Most people may not know that chemotherapy isn’t just a treatment for cancer. It can be used in a lot of medical settings – including autoimmune disorders.
I’m being treated with two chemotherapy drugs, a weekly tablet called Methotrexate and a 8-weekly infusion called Remicade. Here’s some info about the use of them for autoimmune disorders, the example being Crohn’s Disease.
The first time my rheumatologist suggested I might benefit from these drugs, I felt extremely resistant. Chemotherapy is, for want of a better description, poison. There’s something so counter-intuitive about making myself more sick to try and get better.
But it was more than that. I felt undeserving and plain weird about getting chemotherapy when I don’t have cancer. I didn’t understand how this fit into my narrative. I wondered if people would think that it was overkill or be really confused as to why I was having this treatment.
I didn’t know much about the side effects of chemotherapy before I started treatment – only those that get the most screentime, like throwing up and losing your hair.
One of the main ones that never gets talked about is depression. I can be feeling fine – or as fine as I get – before my Remicade infusion, which takes 4ish hours – and by the time it’s done, I’m a mess. Last week, I actually yelled and swore in the hospital. I never do things like that. My mood had bottomed out, I was extremely frustrated because I wanted to go home and the drip kept kinking up and it was taking forever, and I just felt like I wanted to die.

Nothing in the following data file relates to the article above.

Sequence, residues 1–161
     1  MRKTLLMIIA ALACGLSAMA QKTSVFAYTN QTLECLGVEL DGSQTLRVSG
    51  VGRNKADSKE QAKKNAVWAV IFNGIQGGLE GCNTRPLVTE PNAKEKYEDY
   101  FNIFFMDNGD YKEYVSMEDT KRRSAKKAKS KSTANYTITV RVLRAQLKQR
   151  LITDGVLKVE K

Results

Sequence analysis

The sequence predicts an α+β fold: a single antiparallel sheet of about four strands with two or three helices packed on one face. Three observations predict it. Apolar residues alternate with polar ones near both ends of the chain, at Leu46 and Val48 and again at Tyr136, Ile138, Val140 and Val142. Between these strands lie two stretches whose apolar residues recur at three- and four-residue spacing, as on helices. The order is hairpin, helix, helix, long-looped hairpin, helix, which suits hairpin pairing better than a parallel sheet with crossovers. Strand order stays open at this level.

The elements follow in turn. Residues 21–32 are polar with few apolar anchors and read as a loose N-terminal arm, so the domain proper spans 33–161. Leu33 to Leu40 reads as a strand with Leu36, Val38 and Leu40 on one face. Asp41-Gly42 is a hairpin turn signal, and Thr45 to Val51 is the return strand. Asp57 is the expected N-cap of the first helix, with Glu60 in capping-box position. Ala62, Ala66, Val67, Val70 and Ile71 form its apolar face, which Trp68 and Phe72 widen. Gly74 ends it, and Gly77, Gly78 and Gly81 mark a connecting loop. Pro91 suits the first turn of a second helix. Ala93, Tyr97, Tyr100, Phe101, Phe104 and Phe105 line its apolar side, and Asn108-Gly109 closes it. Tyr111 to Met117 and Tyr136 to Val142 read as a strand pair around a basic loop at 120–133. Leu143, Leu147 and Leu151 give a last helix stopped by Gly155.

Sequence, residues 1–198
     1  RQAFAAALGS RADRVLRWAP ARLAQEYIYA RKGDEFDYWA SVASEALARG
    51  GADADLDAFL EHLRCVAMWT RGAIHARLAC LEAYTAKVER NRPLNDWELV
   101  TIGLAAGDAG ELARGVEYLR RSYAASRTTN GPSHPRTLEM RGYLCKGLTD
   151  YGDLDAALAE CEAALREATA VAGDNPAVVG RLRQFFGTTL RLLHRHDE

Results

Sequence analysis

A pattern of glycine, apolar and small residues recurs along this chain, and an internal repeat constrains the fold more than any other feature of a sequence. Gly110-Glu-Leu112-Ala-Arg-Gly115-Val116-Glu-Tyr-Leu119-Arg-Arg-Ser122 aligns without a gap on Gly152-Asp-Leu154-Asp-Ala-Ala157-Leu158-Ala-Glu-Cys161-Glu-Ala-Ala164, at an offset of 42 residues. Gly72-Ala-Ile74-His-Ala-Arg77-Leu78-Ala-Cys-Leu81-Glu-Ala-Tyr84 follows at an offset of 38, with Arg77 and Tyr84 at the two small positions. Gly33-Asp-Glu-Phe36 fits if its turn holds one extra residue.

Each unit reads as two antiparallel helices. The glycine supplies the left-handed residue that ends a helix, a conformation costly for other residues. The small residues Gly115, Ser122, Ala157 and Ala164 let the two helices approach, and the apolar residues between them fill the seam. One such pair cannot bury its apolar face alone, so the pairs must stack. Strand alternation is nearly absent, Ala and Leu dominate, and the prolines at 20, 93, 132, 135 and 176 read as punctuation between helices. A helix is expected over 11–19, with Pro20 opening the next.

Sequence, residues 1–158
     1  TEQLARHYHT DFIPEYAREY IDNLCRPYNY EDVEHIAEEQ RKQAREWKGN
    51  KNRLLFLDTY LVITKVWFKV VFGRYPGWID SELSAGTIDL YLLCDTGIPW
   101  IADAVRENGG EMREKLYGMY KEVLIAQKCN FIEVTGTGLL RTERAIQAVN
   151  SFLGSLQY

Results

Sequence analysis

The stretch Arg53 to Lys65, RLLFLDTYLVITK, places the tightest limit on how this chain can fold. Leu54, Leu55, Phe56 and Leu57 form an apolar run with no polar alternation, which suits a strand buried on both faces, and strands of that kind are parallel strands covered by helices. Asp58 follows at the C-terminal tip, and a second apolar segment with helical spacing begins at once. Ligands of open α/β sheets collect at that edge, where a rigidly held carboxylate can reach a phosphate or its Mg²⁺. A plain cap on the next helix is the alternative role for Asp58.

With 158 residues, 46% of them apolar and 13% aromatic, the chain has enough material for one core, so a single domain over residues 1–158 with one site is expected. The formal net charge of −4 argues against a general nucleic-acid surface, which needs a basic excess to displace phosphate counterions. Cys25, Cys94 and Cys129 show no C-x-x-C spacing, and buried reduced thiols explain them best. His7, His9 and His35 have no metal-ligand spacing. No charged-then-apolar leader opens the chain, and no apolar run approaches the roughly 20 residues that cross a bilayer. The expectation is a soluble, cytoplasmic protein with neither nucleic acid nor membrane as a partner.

This is the same thing that happens following my Methotrexate dose, which sucks, because that’s every week. I take it on a Wednesday night, and by Thursday afternoon I’m capable of little more than hanging out in bed and attempting very low-impact distractions like watching TV shows. Nothing sad, nothing dramatic, not even a movie because that’s too much emotional investment. I’ll be lucky if I can carry on a conversation.
Then there’s the physical side effects – heavy fatigue, nausea that’s at times intense and at times just days-long vague sickness, headaches.
And still, the guilt. Because while these treatments might be poison, they’re also expensive, difficult-to-get medicine that might actually help me. I don’t know yet. The negative side effects start straight away (because of course they do) but any benefit might take up to three months to show, and I’m not far past that mark with Remicade. I’m only at week four on Methotrexate. So I have to suffer and wait and see, and it may well be that the suffering ends up being for nothing. Not to mention that the benefits might be happening inside my body – ie, the progression of my disease slowed or even stopped – but I won’t necessarily feel that. I could still feel just as tired and sore and sick, even if the drugs are working.
But I have to be grateful. I am getting access to this treatment, when so many don’t.
I have spoken about this to a friend who had cancer, and had chemotherapy, and got well. And now he has a chronic illness. And while it’s kind of dangerous to compare apples to oranges, he says that cancer was easier. Every time he had the treatment, there was less cancer to treat. And eventually, he got well. But chronic illness isn’t like that. He says it’s much harder to live with than cancer. “It’s so hidden, there’s no hope/goal/future. It’s way more miserable than cancer.”
That’s kind of awful to think and probably depressing for you to read and maybe other people who have or have had cancer feel different. But I understand why he said that.
Chronic illness is so often hidden. There’s no fundraising drive that I’ve ever seen for Ankylosing Spondylitis. Most people have never heard of it. I do have hope and a goal – getting more well than I am currently – but a “future” is hard to picture because it could be that that never happens, chemotherapy or not. Miserable kind of sums it up.
Even right down to the fact I feel like I don’t deserve the treatment I’m getting because I’ve convinced myself my illness doesn’t count.